CLA (conjugated linoleic acid) and GLA (gamma linoleic acid) are fatty acids that can be extracted from plant material by treating it with a solvent. CLA occurs naturally in safflower and sunflower, and GLA occurs naturally in plant oils, such as evening primrose oil or borage oil.
In terms of chemical structure, CLA and GLA are both long-chain, polyunsaturated (containing carbon to carbon double bonds) fatty acids. CLA consists of a chain of 18 carbon atoms and two double bonds, and GLA consists of a chain of 18 carbon atoms and three double bonds. Conjugated is the term used to describe double bonds that are just one single bond away from each other in the molecule.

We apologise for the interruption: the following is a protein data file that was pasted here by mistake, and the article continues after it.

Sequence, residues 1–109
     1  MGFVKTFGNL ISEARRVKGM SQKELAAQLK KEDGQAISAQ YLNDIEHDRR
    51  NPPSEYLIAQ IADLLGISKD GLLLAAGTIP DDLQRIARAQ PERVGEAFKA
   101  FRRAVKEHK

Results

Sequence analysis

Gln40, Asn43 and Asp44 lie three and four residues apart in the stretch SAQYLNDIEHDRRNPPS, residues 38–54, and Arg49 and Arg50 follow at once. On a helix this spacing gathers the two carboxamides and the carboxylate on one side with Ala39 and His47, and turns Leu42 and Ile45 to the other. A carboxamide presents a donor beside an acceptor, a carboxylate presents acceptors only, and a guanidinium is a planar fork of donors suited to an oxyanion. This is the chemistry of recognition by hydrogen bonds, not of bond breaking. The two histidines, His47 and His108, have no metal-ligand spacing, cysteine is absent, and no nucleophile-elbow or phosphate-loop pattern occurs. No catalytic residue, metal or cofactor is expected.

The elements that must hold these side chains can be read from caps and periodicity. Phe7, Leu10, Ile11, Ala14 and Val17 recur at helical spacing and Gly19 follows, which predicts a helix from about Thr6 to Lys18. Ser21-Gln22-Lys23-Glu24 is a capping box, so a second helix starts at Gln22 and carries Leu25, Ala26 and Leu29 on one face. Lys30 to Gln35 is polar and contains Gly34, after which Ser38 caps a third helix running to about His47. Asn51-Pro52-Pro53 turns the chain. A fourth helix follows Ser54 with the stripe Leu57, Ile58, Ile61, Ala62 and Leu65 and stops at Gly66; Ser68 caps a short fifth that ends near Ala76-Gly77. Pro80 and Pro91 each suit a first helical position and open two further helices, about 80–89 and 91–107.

CLA exists in two structural forms, or isomers. An equal blend of the two isomers is believed to reduce body fat when taken at the RDA (recommended daily allowance) of 3 grams.
GLA is converted into a class of compounds, known as eicosanoids, which are involved in cellular activity, in the human body. As such, it is used as an anti-inflammatory agent and in the treatment of disorders such as high blood pressure and rheumatoid arthritis.